WordPress Sandbox

This is where I drop off some files or other WordPress snippets that I want to have handy. Enjoy!

Tweet Pull Quote Plugin

This is a quick little plugin that lets you create pull-quotes for your posts. It includes a few options, and most notably includes a “Tweet” button that will quote the text, include a link to your article, and include your Twitter handle if you set it to.

Tweet Pull Quote Plugin v 1.0 – Download it here

To use it: add {pq} and {/pq} (using [ instead of { ) to any text in your posts.

Settings are found in WordPress > Settings > Tweet Pull Quote

You can also add an option on the shortcode: “pq align=right” to align the box to the right instead of to the left.

WP Pointer Demo

I’ve spent a little time playing with the new WP-Pointer (I called them “tool tips” until I figured out their official name) that was added in WordPress 3.3. I’m not surprised that the core team has called this an “internal” tool with limited documentation. The execution is not bad – not bad at all – but it’s really not quite up to WordPress standards for functionality, ease-of-use, and reliability. So, I wouldn’t be surprised to see most of this “documentation” go out the window for WP 3.4!

My Pointer Demo – Download it here

I’ve created a pointer demo for my friends at OCWP Dev Night – so enjoy! This is a basic plugin that shows off a few different use-cases for the wp-pointer:

  • A basic pointer
  • A step-by-step pointer series
  • An AJAX-driven pointer
  • A pointer with appended CSS styling

This isn’t intended to be used as a plugin on your site – it’s more to provide a playground for you to learn some of the basics of the pointer on your test box.

10 thoughts on “WordPress Sandbox”

    1. Hi Erwin,

      Thanks for the comments! In regards to the “double text” – the idea of this plugin is to replicate the effect that gets used in print magazines. The text that is selected for the pull quote is supposed to be from the text so that you as the author can focus on writing your best content and then only pull out the most important highlight for the pull quote. To the casual reader, this is a very natural process – they see the quote, which draws them in to the paragraph, and then they recognize how it gets used in context.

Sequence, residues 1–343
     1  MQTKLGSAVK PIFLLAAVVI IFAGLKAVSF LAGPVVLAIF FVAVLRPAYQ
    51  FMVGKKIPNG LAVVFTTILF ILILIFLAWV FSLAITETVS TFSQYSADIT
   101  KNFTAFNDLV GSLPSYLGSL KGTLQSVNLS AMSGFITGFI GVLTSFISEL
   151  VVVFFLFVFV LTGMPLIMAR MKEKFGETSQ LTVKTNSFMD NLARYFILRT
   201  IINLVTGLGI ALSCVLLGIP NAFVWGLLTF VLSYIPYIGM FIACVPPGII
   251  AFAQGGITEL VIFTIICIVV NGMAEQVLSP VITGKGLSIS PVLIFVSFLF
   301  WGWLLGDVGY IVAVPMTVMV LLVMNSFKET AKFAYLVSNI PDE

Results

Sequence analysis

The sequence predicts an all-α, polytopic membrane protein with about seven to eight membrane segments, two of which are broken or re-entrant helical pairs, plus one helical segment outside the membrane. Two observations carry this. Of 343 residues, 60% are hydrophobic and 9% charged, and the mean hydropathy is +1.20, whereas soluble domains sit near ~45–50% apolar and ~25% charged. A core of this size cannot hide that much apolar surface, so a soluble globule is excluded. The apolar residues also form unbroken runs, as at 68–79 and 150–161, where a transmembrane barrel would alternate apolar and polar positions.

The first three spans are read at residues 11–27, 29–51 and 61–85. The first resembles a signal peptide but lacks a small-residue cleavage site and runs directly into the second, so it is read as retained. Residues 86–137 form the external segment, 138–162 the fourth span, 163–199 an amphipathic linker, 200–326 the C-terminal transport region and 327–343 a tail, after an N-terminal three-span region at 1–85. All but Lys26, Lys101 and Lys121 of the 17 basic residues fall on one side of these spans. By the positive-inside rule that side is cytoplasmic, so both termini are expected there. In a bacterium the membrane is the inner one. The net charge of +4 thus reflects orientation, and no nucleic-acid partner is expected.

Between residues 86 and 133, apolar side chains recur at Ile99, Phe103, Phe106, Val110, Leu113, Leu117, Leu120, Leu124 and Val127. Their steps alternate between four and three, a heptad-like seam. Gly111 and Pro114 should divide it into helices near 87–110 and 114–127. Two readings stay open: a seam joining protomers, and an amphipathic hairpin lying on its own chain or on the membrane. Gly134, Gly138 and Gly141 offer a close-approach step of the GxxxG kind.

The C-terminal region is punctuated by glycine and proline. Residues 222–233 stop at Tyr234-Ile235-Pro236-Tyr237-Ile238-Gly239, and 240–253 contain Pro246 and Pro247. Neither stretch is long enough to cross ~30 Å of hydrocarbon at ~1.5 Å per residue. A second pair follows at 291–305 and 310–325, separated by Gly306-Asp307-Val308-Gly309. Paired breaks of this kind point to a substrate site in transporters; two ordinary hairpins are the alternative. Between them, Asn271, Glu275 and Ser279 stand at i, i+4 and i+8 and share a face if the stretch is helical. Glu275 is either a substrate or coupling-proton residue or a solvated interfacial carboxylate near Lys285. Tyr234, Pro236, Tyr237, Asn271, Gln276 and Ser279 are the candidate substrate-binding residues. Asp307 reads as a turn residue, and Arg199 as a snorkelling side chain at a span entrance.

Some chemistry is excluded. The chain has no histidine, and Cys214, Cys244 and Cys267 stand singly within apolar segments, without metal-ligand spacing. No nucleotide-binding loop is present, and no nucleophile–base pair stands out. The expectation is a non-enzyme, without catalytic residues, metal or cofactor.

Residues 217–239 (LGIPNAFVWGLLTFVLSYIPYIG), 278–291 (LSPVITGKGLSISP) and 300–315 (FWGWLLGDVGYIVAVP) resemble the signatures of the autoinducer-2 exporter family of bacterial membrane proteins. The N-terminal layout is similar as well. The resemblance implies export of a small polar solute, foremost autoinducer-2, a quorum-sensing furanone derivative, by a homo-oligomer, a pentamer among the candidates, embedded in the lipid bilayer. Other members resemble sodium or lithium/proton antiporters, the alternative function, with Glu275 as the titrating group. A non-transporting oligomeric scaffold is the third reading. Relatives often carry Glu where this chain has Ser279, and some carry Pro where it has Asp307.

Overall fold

That being said, I can understand that you might want to override that process for your own blog writing.

      If you’re comfortable jumping in to the code of the plugin, you can make 1 small change and it should remove the text from your original article.

      Change LINE 53 from:

      $new_content = str_replace( $quotehere, $clean_string, $the_content);

      … to …

      $new_content = str_replace( $quotehere, “”, $the_content);

      … That should strip the original text from your content while retaining the pull quote. I just tested this on my local server and it worked perfectly. Lemme know if you’ve got any other questions or comments! 🙂 Thanks again for visiting and sharing your feedback.

  1. Hi Dave,

    Love the plugin!!
    It looks awesome, thank you for the tweak for blogs, I have changed my code so that the quote only turns up once in my blog post 🙂

    Quick question…it is possible to tweak it further so that the link in the tweet is a shortened link?


    1. Hi Crystal,

      Glad you like the plugin!

      At this point; no, the link is *shortened* automatically by Twitter. Running a link through a custom shortener (such as Bit.ly) is a much more complex project. I wouldn’t be surprised if at some point soon we see Twitter offering some link analytics on t.co links – but that hasn’t come yet.

      Thanks for your comment; glad you enjoy!



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